Timeslip (1955 film)

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Timeslip FilmPoster.jpeg
U.S. theatrical release poster
Directed by Ken Hughes
Written by Charles Eric Maine
Produced by Alec C. Snowden
Nat Cohen
Stuart Levy
Starring Gene Nelson
CinematographyA. T. Dinsdale
Edited by Geoffrey Muller
Anglo Guild Productions
Todon Productions (uncredited)
Distributed by Anglo-Amalgamated
Release dates
November 1955 (UK)
4 March 1956
Running time
93 minutes (UK)
76 minutes (US)
CountryUnited Kingdom

Timeslip (known as The Atomic Man in the United States) is a 1955 British black-and-white science fiction film directed by Ken Hughes and starring Gene Nelson and Faith Domergue. Produced by Alec C. Snowden, it is based on a script by Charles Eric Maine, who also wrote Spaceways. [1]


In the UK, the film was distributed by Anglo-Amalgamated. In 1956 the film was shortened from 93 minutes to 76 minutes and distributed in the U.S. by Allied Artists Pictures in some areas as a double feature with Invasion of the Body Snatchers .


An injured man is pulled from the Thames. He has been shot in the back and is barely alive. The science correspondent of an illustrated magazine recognises him as a nuclear physicist. But the physicist is found alive and well and working at his laboratory. When the injured man is photographed, his pictures show a strange glow surrounding him, and when he recovers enough to be questioned, his answers make no sense. It transpires that his perception of time is 7.5 seconds ahead of that of his interrogator, to the extent that he answers questions just before they are asked.

The correspondent and his photographer girlfriend try to solve the puzzle, and in doing so uncover international industrial espionage and a terrible threat to the atomic research institute.



The script for the film was a substantial reworking by Charles Eric Maine of his BBC TV play Time Slip, which was transmitted live on 25 November 1953, and not recorded. In the original play, Jack Mallory (Jack Rodney) dies and is brought back to life with an adrenaline injection, but this results in his perception of time being 4.7 seconds ahead of everybody else's, so he is able to answer their questions before they are even asked. His psychiatrist "cures" him by smothering him to death and then reviving him with a second - but more carefully measured - dose of adrenalin. [2]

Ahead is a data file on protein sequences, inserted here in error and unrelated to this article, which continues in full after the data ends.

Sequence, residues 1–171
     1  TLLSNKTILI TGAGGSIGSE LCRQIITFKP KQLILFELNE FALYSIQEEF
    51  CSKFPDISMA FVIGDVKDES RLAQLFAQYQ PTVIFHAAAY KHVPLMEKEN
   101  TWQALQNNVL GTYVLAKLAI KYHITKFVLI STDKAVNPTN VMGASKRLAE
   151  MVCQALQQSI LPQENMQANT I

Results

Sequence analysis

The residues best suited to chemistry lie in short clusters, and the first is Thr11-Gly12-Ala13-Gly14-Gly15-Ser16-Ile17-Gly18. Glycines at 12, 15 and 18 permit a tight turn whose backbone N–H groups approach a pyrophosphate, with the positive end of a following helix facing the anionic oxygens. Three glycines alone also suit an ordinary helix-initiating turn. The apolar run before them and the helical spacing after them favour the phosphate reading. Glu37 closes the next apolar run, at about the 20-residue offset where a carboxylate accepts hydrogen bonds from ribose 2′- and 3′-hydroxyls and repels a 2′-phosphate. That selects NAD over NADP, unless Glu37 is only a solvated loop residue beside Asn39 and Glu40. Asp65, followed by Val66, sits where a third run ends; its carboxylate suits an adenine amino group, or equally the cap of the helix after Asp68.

The film was partially funded by its UK distributor, Anglo-Amalgamated. [3] It was a production of Todon Productions, the American company, although they are not credited. [4] Star Gene Nelson had been in two musicals, So This Is Paris and Oklahoma!, and this was his first serious dramatic lead. [5] He was reportedly cast after Tony Owen of Todon saw Nelson on an episode of Studio One. [6]

Filming started in England on 4 February 1955. It was shot at Merton Park Studios. [7]

The Isotope Man

Maine turned the script into a novel, The Isotope Man, published in 1957. It would be the first of three novels about reporter Mike Delaney. The New York Times called the novel "fairly crude and preposterous but lively enough". [8] The Los Angeles Times called it "near perfect entertainment for the radioactive age." [9]

Critical reception

TV Guide called it a "dumb movie with an interesting premise"; [10] and AllMovie similarly thought its "absolutely fascinating premise" unfortunately translated into "lack of imagination in the script"; but from an able cast, Faith Domergue was "especially welcome", and the reviewer concluded "The budget is clearly low, but (Ken) Hughes does well with what he has." [11]

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  1. TIMESLIP Monthly Film Bulletin; London Vol. 22, Iss. 252, (Jan 1, 1955): 170.
  2. "BBC Programme Index".
  3. Vagg, Stephen (14 November 2020). "Ken Hughes Forgotten Auteur". Filmink.
  4. Of Local Origin New York Times 27 Jan 1955: 17.
  5. Thomas M. Pryor (20 January 1955). "Metro Will Film Graziano Story: Studio Buys Biography of Middleweight Ex-Champion Who Turned to Acting;". New York Times. p. 35.
  6. Gene Nelson Goes to England to Enact American Reporter Hopper, Hedda. Chicago Daily Tribune 25 Jan 1955: a6.
  7. "Hollywood Production Pulse". Variety. 16 February 1955. p. 15.
  8. Criminals at Large By ANTHONY BOUCHER. New York Times 2 June 1957: 250.
  9. THE BOOK REPORT Kirsch, Robert R. Los Angeles Times 4 June 1957: B5.
  10. "The Atomic Man". TV Guide.
  11. "The Atomic Man (1955) – Ken Hughes | Review". AllMovie.